Carry on Nurse (1959) Movie Script

RADIO: Silver Maid keeping ahead
in front of Dasher and Boy Blue.
But the favourite, Red Dice,
is now lengths behind. He's right out of it.
Inside the last furlong, and Dasher's taken it up!
Moving through very smoothly.
Silver Maid hanging on to second place.
And at the post, it's Dasher from Silver Maid...
Well, did it win?
That nag should be going into hospital, not you!
Bad luck. I wonder who won the baby stakes.
Supposing I'd been on it! (Tuts)
Ah! Where do I go?
- Hey! I can walk, you know.
- Nobody walks in 'ere.
- Any chance of walking out?
- We've got to do the job proper.
- Over here, Mr York.
- Right, nurse.
- Thanks for the ride, boys.
- Give us a write-up in the papers.
- Will you get into bed, please?
- I um...didn't have time to get my pyjamas.
Oh, that's all right. You won't need any just now.
- What's he got, then, Mick?
- Appendicitis.
Ten days' job.
Cor blimey! Only ten days.
When I think how easily that could have
been avoided, I could kick myself, I tell you.
Did you hear what I said then?
I said I could kick myself!
Kick myself, with that on, I said!
I think that's very funny, Mick! Don't you, Mick?
(Laughs raucously)
- Hello, Mick.
- Hello, Mr Able.
- There you are.
- What's that? A shroud?
No, an operating gown.
(Impatient buzzing)
Your turn.
Yes, Colonel?
I want to see that ward orderly chap - Mick.
You can't.
It's our job to answer the buzzer, not his.
You've only been here half a day and you've
called us a dozen times for no good reason.
Now, do try and remember
the buzzer's only for emergencies.
- This is an emergency.
- What kind of an emergency?
Every time Mick comes in here, he stays
too long. I don't know what you find to talk about.
I dare say you don't. There's some things we
men talk about it's better for women not to know.
- I can imagine that.
- I doubt it, young lady. I doubt it.
Well, what do you want him for?
What can he do for you that I can't? Tell me that.
Ho-ho-ho! Don't tempt me, girl.
Just tell Mick I want him, would you, please?
All right. Just this once.
Ah, Mick, my boy. That's right, shut the door.
- Now then, dictation. Got your notebook?
- Yes, sir.
Good. Here we are, then.
Bob each way, the Black Prince.
That's the 3:30 at Chepstow.
Black Prince, 3:30 at Chepstow.
Half a dollar to win, Rambler.
Now that's the 4:15 at Redcar.
4:15, Redcar.
- That's all, I think.
- Right, Colonel.
Well, you just settle down, Colonel.
I'll wait for the results.
- Oh, get me 20 Player's, would you, please?
- Yes, sir.
- Don't bother about that.
- (Clears throat)
- Good afternoon. Name?
- Oh. Good afternoon. York. Edward York.
- Address?
- 24 Passiondale Avenue.
- Age?
- 35.
- Occupation?
- News...paper reporter.
- Relax.
- I was covering the baby show.
- Next of kin?
- No.
Which lot has the best record of recovery?
I'm very busy. Come along, now. C of E?
- False teeth?
- No.
- Glass eye?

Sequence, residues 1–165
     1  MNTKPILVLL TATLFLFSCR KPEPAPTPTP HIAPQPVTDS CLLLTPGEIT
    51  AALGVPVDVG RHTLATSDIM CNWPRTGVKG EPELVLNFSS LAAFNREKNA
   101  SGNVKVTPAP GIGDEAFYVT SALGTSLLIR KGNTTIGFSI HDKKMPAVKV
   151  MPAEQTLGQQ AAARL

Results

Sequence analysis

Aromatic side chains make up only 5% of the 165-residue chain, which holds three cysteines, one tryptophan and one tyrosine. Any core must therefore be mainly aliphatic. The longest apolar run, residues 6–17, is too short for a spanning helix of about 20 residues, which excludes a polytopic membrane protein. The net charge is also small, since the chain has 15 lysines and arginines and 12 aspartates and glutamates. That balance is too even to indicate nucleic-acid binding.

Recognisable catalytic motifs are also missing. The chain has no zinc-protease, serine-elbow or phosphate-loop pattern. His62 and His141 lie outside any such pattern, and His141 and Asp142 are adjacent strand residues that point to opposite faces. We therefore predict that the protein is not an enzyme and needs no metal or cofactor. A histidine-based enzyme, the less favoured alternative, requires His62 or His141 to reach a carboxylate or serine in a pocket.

- No!
And before you go any further,
the rest of me is my own!
Sign, please. Consent for general anaesthetic.
- Ooh!
- Relax.
- Hello. I'm Mick.
- Hi, Mick.
- What's her trouble?
- Oh, night starvation.
- Going to shave you.
- Shave?
My appendix isn't on my face!
I'm not going to shave your face!
(Impatient buzzing)
- Yes, Colonel?
- I'm all crumby!
If you will stuff yourself
with those crumbly biscuits...
Well, I have to have some pleasure, damn it.
Hop out and I'll take the crumbs away.
- Where's that fella Mick got to?
- He's doing something for Sister.
Can I help?
Not unless you know what won
the 4:15 at Redcar, you can't.
- Oh, you and your racing. All right, get in.
- Thank you.
Oh, I wish you wouldn't eat those biscuits!
I eat biscuits, my girl, to calm my nerves.
Rambler won it. 3-1.
- Comfy now?
- Yes.
Rambler, do you say?
Hoo-hoo! Ha-ha-ha! Good old Rambler!
(Chuckles) Oh, we'll have a new one now.
- Ooph!
- I warned you.
Thank you.
- Sister...
- I'm not a sister, I'm a staff nurse.
Oh? How do I tell the difference?
Student nurses wear big hats.
We call them butterflies.
- You call them what?
- Butterflies.
-Ah, I like that.
- They don't.
And staff nurses wear these. Got it?
Yes. I think you're wonderful.
Relax, Mr York.
Nurse Dawson!
Is it your intention to wreck my ward?
- Wh-who are you?
- I'm a nurse.
You're in hospital, but you're all right.
- Let's have a beer.
- You can't have a beer, Mr York.
She'll give me a beer. I'll go...
- Somebody stabbed me!
- Lie still, you've got a drain in you.
Now that you've made my can lie on it!
- Mmm!
- Why, Mr York!
Mr York!
Oh, I'm sorry, Staff.
I was just trying to get Mr York to settle down.
- For life?
- Lovely!
(Laughs deliriously)
When you're on night duty, nurse,
always carry a couple of sleeping pills with you.
There isn't always time to go and fetch them.
Yes, Staff. Thank you.
Buck up, there's another patient coming in.
Cor, what a place.
Bath, sluice room, sterili... Jane!
Look, my hand's all right. I keep
telling everybody. I don't have to come here.
(Impatient buzzing)
- All you need is just to rub it.
I don't like this place at all.
There's lights, and bells, and buzzers...
Come on, babe.
Excuse me, miss.
I think there's been a bit of a mistake.
- I don't have to stay here, you see.
- Through there, please.
I'm not going in. It's full of sick people.
I'll catch something.
You've already got something. Go in!
Ah. Mr Bishop? Come in, will you, please?
Now, will you please get into bed?
Look er...miss, I'm quite all right, you see.
I've sprained my wrist in a fight before.